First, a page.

Pharmaceutical companies often argue that they need to charge high prices for their drugs in the U.S. to offset their research and development costs. A new study published in Health Affairs looks at the amount drug companies spend on research and development. It finds that research costs provide no basis for high drug prices in the U.S.
As we all know, Americans pay a lot more than Europeans for many prescription drugs, sometimes as much as two to five times more. List prices in Europe tend to be 38 to 52 percent of what we pay. It’s hard to understand the justification for such high drug prices in the U.S.
The researchers looked at the 15 pharmaceutical companies with the 20 top-selling drugs. They found that the prices the pharmaceutical companies charge in the U.S. earn them tens of billions of dollars more than they spend on research and development around on the world. In short, in 2015, pharmaceutical companies generated an additional $116 billion because of the high U.S. prices, $40 billion more than their worldwide research and development expenses.
The researchers noted that European countries all use pharmacoeconomic analyses in negotiating drug prices. The U.S. does not do so. The researchers do not take a position as to whether prices in the U.S. are too high. But, they do question the propriety of U.S. taxpayers, businesses and patients funding worldwide drug research.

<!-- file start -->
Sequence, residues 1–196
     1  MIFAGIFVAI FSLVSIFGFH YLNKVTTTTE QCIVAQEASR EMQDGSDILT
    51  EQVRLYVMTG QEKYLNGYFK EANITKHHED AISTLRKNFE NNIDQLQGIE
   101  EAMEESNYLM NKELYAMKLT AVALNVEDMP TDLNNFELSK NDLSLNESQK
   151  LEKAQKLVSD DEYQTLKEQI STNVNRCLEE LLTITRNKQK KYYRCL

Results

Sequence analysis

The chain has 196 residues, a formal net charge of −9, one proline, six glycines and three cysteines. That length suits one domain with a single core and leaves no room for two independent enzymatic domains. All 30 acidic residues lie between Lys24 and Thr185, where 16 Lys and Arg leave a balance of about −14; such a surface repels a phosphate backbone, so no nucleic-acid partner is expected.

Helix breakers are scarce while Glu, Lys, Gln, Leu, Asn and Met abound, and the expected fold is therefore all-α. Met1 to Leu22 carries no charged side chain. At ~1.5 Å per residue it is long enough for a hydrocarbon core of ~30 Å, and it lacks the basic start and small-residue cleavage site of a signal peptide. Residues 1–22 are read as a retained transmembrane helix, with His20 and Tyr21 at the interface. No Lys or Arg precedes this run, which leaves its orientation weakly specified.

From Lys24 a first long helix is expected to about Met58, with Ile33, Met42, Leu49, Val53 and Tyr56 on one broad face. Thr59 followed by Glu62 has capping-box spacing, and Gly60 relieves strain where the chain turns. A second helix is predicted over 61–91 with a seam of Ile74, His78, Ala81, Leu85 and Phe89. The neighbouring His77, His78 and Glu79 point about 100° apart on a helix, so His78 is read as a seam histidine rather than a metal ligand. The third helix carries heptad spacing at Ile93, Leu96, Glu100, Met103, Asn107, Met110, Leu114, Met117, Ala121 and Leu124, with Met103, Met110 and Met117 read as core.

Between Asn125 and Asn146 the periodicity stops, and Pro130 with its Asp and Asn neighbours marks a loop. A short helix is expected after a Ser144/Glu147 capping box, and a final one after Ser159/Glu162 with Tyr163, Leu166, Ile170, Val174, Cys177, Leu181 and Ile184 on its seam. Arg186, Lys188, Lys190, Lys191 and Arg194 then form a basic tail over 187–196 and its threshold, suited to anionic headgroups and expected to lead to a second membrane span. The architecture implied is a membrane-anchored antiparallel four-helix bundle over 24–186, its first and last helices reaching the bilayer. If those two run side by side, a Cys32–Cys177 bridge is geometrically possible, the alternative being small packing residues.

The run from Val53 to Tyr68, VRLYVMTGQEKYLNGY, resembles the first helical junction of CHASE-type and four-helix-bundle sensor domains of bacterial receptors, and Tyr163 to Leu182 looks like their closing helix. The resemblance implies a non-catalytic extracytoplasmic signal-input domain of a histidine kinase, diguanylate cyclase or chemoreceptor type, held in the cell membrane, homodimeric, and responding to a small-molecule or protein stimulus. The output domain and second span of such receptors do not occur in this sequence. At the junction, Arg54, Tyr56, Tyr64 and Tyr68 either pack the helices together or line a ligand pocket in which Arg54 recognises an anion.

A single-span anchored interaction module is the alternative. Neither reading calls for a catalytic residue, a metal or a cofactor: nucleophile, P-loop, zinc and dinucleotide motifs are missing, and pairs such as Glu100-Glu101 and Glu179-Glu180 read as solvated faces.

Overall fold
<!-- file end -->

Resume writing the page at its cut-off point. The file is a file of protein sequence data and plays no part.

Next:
Why should Americans pay a huge drug price premium to support worldwide drug research? It seems a very fair question to ask our representatives in Congress. As it is, a large majority of Americans, including Republicans, Democrats and Independents favor government drug price negotiation.
If you support drug price negotiation, please sign this petition to Congress.
Here’s more from Just Care:
- Vast majority of Americans supports drug price negotiation
- Six tips for keeping your drug costs down if you have Medicare
- Free local resources to help older adults